Thursday, 17 July 2014

Articulation for Character in Music Making

Often when young players interpret music, there is a lot of playing "by eye".  In other words, they play what they see on the page according to a kind of "rule", but without translating it into what they think the composer might have wanted it to sound like. They often struggle to hear what is really coming out of their own instrument, and many don't spend enough time in curiosity thinking about what they, themselves, might want the line to sound like. Furthermore, if there is an absence of expressive articulation marks on the page, such as staccatos, tenudos, or accents, the problem gets exacerbated. There will be a tendency towards "facelessness" in the articulation, playing with a kind of non-descript stylelessness. Perhaps it is born out of a fear of being "wrong". ("You mean, play it short? But there are no dots!") We as players and teachers need to make sure one of our top priorities is this search for character, and one way to communicate that is by having lots of clear detail in how we articulate.

Entrances lacking in clear consonants are something of a clarinet disease (or at least I'll speak for myself as a young player.) The instrument is famously good at fading out, but also does a fair bit of "fluffing" in. What if we asked ourselves what the quality of every entrance should be? What consonant will we aim for?  What word might we liken it to? What then is the first letter, beyond just "thwack"?  For melodic music to have meaning it must communicate character. How do we bring character to music? Surely there are many answers, but one of the most compelling ways to directly express character in music is through our choice of articulation.

Again, I am mainly exploring music with clear melody, through surely my concept has broader applications, too. Musical sentences and phrases can so often be likened to speech. (Many melodies of Brahms, Schumann, Weber, Mozart and much of jazz music comes to mind.) We must always be asking the question, what is the character of the music and what we are trying to say?

To help us get there, let's explore.  How might we soothe a baby to sleep with our voice? How do the consonants soften? How do we speak when we are frustrated? How do the consonants become exaggerated? How do we enunciate on the operative word in a sentence? Finally, how can we apply that to our performance of the melodic line?

If we can identify the character and emotional intention of the music we are playing, then we can begin to apply articulations that are meaningful and grounded in something human and organic. This will add another level altogether of clarity, expressiveness, and personality to our playing.

-Jean Johnson, 2014

Thursday, 22 May 2014

Arts Advocacy: The Potency of Chamber Music

We are in an age of smartphones, constant stimulus, instant gratification, and relentless technology.  All of our modern advancements are incredible and I wouldn't want to live without them, but we talk less and less to each other anymore.

We've all been to a party that looks like this:

What does this do to people, relationships, and a society over time?  How will the progeny of the smartphone generation learn to make genuine eye contact and meaningful 
human connection?  How will they learn empathy, interaction, negotiating, compromising, critical thinking, diplomacy, deductive reasoning- nevermind explore depths of loneliness, develop their ability to think, feel, empathise, and examine their innermost selves if they are addicted to handheld electronic distraction?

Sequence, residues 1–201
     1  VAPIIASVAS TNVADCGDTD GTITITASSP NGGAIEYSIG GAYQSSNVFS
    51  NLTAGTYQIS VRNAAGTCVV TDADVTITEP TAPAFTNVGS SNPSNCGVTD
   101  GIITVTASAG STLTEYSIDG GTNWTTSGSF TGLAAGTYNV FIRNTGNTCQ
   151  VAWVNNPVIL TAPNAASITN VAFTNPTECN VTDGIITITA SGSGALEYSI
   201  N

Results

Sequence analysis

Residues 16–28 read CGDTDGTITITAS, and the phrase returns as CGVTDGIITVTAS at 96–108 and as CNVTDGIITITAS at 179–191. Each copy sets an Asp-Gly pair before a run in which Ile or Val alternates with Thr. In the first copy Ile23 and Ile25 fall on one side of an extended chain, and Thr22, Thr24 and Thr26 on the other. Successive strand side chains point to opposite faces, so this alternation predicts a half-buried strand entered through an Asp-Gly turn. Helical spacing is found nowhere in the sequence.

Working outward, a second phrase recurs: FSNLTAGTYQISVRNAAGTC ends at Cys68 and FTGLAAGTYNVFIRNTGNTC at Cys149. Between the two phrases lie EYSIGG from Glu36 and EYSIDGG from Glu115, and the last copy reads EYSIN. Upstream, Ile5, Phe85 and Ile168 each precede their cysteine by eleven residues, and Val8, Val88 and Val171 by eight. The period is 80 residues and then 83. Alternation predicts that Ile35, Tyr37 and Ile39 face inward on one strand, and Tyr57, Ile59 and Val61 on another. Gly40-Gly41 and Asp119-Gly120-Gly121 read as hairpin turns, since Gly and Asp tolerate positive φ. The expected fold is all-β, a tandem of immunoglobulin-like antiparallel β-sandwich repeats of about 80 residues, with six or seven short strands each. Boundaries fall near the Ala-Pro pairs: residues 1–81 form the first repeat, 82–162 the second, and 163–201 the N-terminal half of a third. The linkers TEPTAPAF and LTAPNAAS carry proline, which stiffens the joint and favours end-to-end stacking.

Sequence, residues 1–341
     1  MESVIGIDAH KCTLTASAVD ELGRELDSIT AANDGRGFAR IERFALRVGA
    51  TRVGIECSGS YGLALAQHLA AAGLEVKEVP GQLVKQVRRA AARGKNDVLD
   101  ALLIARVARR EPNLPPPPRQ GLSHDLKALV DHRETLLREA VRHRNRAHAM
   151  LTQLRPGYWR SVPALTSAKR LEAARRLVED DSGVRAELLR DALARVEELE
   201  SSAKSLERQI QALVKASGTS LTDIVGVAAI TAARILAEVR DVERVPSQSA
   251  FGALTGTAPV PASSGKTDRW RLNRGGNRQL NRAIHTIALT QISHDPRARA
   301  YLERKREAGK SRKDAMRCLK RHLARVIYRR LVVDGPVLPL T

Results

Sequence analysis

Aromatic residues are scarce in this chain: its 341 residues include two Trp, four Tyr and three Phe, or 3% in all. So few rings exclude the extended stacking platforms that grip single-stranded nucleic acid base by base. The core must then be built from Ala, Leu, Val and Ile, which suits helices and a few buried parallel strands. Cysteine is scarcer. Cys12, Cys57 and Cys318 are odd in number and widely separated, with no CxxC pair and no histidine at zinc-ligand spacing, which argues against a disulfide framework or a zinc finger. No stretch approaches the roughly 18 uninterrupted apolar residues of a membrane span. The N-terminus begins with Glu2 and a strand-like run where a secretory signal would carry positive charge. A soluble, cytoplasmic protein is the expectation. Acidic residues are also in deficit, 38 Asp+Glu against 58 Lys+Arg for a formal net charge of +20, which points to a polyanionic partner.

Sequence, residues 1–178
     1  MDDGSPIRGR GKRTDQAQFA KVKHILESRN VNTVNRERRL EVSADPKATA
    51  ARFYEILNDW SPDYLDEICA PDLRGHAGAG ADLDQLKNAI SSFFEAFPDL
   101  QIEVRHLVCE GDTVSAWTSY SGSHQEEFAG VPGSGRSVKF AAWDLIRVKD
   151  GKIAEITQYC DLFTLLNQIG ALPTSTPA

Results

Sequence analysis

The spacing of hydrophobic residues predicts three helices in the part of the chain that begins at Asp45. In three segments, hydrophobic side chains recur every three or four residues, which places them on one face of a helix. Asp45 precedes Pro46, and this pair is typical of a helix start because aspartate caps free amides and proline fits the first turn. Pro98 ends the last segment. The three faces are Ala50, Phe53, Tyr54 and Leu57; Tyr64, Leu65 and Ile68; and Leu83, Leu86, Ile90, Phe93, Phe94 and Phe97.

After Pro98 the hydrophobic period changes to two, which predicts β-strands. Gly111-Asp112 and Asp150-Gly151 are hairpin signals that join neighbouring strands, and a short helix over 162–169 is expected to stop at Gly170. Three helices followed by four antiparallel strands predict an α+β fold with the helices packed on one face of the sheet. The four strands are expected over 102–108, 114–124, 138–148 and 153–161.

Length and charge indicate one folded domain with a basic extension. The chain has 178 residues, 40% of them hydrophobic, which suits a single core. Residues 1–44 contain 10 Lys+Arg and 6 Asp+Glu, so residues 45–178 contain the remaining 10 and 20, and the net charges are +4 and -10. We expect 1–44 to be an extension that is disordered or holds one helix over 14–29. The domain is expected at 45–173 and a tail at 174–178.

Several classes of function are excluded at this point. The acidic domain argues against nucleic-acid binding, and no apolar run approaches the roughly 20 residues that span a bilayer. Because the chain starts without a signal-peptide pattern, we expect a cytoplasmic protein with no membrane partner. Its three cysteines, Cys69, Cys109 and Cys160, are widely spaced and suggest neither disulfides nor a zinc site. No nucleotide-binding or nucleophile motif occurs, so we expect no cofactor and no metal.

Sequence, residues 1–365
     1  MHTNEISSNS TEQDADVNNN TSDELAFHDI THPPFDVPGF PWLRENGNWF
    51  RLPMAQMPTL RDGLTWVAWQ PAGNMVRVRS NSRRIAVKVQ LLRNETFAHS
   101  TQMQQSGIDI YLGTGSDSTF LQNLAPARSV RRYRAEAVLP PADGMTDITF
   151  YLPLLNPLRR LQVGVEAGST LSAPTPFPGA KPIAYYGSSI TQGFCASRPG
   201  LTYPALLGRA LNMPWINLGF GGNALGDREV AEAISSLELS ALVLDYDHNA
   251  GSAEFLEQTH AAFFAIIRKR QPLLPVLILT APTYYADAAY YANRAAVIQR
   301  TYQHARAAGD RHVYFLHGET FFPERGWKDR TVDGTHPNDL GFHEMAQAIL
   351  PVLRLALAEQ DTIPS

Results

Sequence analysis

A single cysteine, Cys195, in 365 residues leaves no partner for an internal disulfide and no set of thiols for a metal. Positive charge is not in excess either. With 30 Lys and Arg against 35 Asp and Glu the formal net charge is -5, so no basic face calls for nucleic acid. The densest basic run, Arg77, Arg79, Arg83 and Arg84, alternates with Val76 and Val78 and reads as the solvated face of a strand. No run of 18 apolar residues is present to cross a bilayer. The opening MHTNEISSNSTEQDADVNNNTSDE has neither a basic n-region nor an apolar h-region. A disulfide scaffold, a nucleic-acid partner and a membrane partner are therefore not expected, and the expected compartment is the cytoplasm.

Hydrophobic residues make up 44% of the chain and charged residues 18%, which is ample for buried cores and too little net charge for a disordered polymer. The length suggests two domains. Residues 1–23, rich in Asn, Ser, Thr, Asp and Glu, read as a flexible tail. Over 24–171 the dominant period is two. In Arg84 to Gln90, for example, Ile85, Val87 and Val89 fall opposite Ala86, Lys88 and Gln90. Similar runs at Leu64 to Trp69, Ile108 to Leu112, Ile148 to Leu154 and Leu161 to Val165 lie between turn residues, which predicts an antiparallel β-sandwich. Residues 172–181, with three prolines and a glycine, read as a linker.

The arts, and specifically small-group creative activities, just might facilitate a real improvement in our ability to connect to each other.  In my experience, chamber music, performing in it or attending a live event, can provide an arena for creativity, imagination, human contact, and bonding.

Music is a superior connector.  Human beings around the world feel the same range of emotions- love, rage, despair, elation, fear, sadness, loneliness, joy.  For me, music, and specifically classical music, has the power to bring sound to those universal feelings, helping us empathise with each other.  It can evoke powerful imagery and explore the gamut of human emotion to create a cathartic experience.  We are far more alike than we are different, and in music we can celebrate our uniqueness while relating to each other through our sameness.

Musical performances offer us a space where we put down our smartphones and marvel at what differences do exist among us in a way that brings people together rather than divides.  In this modern world we're living in, we need to do everything we can to facilitate greater humanity, communication, and understanding.

I self-identify these days primarily as a chamber musician.  It wasn't always like that.  When I was younger, I thought I might like to be either a Broadway singer or a clarinet soloist but I didn't really pursue those particular paths in a serious way.  I did, however, take orchestral auditions for clarinet jobs while I was in graduate school and I was lucky enough to get myself a job in the Singapore Symphony Orchestra where I remained for over 7 years.  In addition to my life as a full-time orchestra musician, a side perk of the job were occasions for playing chamber music with some of my colleagues. I thrived on those creative opportunities. There is greater potential for each player to find their voice and sculpt the music themselves in a small, unconducted group.  I was determined, then as I am now, to keep as much chamber music in my life as I could.